FAQ's

What makes a coin valuable?

Plus Icon

I have coins to sell, what’s the next step?

Plus Icon

How will my purchases be shipped?

Plus Icon

What happens if I’m not entirely happy with my purchase?

Plus Icon
FM20112

Commonwealth pattern 1651 Sixpence by David Ramage, extremely rare

Commonwealth (1649-60), pattern silver Sixpence, 1651, engraved by David Ramage (died 1661), made in direct competition to the milled work by Frenchman Pierre Blondeau, English shield with cross of St George within beaded inner border, legends surrounding with toothed outer border, rendered in English language with mullet stops, * TRVTH * AND * PEACE,rev. Irish arms with eight strings to harp within beaded border, legend with toothed outer border surrounding, rendered in English language with mullet stops, * TRVTH * AND * PEACE,edge inscription in raised letters and dated, * TRVTH * AND * PEACE * 1651, weight 8.21g (N.2735; Bull 219 R5; ESC 1499 R5).Attractive dark tone with brighter highlights to raised portions, dig in obverse legend and a few other light surface marks both sides, very fine, if not a little stronger in parts, extremely rare, no more than five in private hands.

These wonderful pattern pieces were presented by David Ramage representing the hammered coin workers at the mint as the best example of their work in a competition that took place in 1651. The French engraver Pierre Blondeau arrived in England in September 1649 and had invented machinery that incorporated an edge marking device to be seen as useful in the mass production of coinage. Blondeau kept his method secret whilst publishing his proposals to Parliament in June 1650. The Mint committee showed favour but the Mint itself under the Master-Worker Anton Guerdain and the powerful Corporation of Monyers headed by David Ramage fought back, eventually leading to a competition in 1651, details of which can be ready in the "New History of the Royal Mint" by Christopher Challis. It seems only a dozen pieces were submitted by Ramage of which this could well be one of them, against the 300 edge marked specimens by Blondeau. However, while the Commonwealth lasted he stood no chance of employment in the Mint, as at that time 1650-early 1651, production was low with subsequent low income and the outlay of capital required to mechanise the mint was too high. Blondeau did not get a second chance until 1656 once fortunes turned favourable at the mint due to influx of captured treasure, eventually resulting in the Oliver Cromwell portrait coinage.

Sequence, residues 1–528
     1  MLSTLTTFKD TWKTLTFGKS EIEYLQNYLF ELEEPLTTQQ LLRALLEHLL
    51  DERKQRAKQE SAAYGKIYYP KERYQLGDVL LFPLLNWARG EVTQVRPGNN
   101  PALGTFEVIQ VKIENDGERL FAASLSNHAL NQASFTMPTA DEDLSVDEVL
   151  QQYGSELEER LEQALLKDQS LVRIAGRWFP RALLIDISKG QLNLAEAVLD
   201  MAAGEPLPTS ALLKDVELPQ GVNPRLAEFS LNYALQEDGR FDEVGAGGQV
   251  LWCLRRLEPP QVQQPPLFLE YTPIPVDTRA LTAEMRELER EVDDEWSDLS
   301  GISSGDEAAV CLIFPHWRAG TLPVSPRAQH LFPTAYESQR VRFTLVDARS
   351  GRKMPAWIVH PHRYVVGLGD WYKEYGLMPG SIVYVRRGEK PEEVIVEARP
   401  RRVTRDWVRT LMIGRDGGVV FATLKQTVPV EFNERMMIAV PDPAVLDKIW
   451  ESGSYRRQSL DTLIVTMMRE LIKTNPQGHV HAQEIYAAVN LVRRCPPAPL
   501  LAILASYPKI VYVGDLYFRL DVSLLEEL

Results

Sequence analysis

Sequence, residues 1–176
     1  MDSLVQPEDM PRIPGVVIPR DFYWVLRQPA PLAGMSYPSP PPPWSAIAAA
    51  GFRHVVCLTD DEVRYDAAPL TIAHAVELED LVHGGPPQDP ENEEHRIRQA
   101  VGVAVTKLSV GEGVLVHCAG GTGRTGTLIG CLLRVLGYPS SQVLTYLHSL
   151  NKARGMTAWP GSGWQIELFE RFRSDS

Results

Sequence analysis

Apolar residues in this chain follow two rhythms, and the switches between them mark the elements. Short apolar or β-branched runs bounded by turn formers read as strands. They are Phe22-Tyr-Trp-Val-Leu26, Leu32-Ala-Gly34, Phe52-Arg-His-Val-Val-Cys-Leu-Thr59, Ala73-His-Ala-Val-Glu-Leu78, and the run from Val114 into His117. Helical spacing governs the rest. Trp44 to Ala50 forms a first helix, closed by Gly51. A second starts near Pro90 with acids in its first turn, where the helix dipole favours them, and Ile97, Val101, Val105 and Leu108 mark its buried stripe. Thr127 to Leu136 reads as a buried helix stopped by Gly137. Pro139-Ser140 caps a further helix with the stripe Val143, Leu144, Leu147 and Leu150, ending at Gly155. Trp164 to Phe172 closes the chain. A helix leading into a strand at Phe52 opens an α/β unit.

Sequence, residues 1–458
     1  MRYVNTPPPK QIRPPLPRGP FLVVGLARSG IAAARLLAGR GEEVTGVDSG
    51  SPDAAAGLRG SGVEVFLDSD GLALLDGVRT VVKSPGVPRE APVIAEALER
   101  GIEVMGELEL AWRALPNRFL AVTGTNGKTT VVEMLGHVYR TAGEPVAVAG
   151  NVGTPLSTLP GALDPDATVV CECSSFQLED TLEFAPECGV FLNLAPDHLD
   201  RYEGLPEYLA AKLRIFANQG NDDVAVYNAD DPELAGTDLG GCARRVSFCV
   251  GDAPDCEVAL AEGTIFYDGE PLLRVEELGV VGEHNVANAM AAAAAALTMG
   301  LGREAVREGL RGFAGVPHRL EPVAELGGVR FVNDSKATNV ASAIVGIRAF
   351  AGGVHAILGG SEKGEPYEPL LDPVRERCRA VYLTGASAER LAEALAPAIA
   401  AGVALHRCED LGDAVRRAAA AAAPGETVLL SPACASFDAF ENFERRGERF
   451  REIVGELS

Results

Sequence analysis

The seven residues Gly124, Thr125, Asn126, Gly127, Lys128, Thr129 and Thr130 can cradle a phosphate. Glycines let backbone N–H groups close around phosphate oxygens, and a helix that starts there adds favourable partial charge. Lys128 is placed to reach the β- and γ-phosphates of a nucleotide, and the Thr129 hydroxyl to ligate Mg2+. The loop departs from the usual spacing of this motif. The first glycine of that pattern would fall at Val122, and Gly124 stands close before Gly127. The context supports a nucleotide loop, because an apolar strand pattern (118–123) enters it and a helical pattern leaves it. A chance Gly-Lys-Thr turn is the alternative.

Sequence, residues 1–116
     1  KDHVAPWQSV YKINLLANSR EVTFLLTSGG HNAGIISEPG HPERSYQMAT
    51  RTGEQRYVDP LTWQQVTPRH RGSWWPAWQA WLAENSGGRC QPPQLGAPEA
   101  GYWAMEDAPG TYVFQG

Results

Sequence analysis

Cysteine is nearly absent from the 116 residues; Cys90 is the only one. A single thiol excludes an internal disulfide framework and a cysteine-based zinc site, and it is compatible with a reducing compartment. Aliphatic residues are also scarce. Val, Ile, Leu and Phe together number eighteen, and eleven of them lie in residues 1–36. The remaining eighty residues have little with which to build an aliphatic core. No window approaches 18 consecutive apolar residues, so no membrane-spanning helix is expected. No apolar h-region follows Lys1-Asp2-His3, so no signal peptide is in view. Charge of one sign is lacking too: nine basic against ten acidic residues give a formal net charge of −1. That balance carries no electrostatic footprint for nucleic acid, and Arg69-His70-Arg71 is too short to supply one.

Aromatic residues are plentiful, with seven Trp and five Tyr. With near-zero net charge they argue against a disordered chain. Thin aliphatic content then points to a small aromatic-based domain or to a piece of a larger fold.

Provenance:

Ex Dr Ernest Christison Carter, collection purchased by A. H. Baldwin, 1950.

Ex Spink Coin auction 6, 11th October 1979, lot 667.

Ex St James Auction 10, 6th November 2008, lot 490.

Ex A. H. Baldwin, Fixed Price List, Winter 2009, item BH066.

Spink Auction 6 gives a longer provenance chain back to the Tyssen sale in the early 19th Century including an appearance in the Hyman Montagu sale part III in 1896 lot 711, which is the only time this coin was illustrated in the auction provenance chain before Spink auction 6. The photograph in the Montagu sale however is of a different example though seemingly of the exact same weight. The Montagu example photograph shows a different aspect of wear to the border and no damage in the obverse legend. In fact, the Montague coin has appeared for sale in Spink Coin Auction 55, lot 91 where it had no further provenance given.

The interesting thing about these patterns is that Victorian Numismatist J. B. Bergne wrote an article showing the whereabouts of all the known Ramage patterns in his article "Coin Pedigrees" in the Numismatic Chronicle Volume XVII in 1854, which gives a wonderful snapshot of the known examples as of that year.

He quotes that no more than a dozen of each denomination were struck and for this Sixpence he only recorded eight known examples, one of which is the gold example at the British Museum, along with two silver ones also in that collection. This leaves a mere five extant that were recorded in 1854 and this coin by some deduction could well be Bergne example number 7 which was owned by William Brice at the time and had previously been in the collection of the Earl Pomfret which passed to Miss Hicks and then sold to Brice via the dealer Cureton.

FAQ's

What makes a coin valuable?

Plus Icon

I have coins to sell, what’s the next step?

Plus Icon

How will my purchases be shipped?

Plus Icon

What happens if I’m not entirely happy with my purchase?

Plus Icon